As any pediatrician knows, medical school and residency are filled with opportunities for learning how to keep a patient alive. We learn pediatric advanced life support and neonatal resuscitation, we attend lectures on how to treat children in cardiogenic shock, we participate in mock codes. And over and over again, we learn on our feet—helping stabilize a complicated trauma patient, managing patients who become acutely sick in the middle of the night, or running difficult newborn resuscitations. Through all of this, we are supported by attendings and fellows who answer our questions, give us feedback on our management decisions, and teach us new ways to care for critically ill children.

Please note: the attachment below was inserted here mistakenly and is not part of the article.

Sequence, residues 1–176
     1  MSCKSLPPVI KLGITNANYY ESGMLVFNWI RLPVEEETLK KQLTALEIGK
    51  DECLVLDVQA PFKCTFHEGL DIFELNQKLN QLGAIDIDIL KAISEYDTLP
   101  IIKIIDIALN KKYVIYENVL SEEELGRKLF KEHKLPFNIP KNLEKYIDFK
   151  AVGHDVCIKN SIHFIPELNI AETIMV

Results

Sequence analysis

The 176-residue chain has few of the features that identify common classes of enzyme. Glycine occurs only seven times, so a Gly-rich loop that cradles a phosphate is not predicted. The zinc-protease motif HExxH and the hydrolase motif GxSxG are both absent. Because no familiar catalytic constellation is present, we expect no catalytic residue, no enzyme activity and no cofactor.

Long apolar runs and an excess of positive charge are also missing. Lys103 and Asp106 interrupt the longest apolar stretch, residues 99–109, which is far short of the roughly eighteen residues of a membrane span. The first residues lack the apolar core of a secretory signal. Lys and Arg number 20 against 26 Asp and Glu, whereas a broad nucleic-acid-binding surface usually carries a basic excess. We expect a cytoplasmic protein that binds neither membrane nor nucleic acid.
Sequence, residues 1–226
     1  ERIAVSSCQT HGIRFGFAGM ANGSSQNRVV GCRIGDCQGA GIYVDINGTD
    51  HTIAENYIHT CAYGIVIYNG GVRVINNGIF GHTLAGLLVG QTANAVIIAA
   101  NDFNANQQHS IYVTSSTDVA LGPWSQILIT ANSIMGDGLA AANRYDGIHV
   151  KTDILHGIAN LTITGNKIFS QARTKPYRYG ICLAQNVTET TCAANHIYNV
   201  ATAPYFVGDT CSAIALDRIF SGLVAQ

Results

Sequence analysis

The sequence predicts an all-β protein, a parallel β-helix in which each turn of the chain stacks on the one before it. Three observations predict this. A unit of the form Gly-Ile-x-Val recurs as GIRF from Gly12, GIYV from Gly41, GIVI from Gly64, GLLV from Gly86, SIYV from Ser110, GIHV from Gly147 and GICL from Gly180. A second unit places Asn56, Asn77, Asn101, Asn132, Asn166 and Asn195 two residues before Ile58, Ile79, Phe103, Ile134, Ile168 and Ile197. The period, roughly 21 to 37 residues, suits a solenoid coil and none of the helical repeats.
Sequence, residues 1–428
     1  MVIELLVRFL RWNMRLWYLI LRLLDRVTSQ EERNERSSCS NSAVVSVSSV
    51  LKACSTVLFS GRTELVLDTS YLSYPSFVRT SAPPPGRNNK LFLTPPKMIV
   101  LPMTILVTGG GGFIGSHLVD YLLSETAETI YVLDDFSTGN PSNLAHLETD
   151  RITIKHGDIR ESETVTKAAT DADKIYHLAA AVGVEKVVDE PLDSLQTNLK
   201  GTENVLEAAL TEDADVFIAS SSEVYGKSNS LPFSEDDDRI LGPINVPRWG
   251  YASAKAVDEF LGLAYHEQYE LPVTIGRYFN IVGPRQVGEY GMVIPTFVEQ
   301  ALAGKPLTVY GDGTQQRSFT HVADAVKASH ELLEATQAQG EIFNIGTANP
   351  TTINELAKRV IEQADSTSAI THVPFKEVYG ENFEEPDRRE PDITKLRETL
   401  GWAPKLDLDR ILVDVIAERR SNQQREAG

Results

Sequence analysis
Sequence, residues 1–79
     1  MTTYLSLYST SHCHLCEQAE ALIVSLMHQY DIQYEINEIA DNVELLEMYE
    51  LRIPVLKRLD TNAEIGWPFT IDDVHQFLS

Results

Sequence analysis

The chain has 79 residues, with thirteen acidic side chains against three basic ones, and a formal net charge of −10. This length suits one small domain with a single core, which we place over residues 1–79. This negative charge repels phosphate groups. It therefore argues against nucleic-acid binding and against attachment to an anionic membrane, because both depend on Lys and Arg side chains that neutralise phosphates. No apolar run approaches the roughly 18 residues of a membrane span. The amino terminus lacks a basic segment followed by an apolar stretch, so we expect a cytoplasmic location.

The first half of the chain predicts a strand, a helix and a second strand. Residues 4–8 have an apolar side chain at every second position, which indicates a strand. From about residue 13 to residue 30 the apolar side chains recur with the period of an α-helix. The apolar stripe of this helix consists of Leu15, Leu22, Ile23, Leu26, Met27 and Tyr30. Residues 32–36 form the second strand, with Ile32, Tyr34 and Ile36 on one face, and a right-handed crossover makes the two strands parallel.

Olson M. Beginnings and Endings. Arch Pediatr Adolesc Med. 2006;160(8):770–771. doi:10.1001/archpedi.160.8.770
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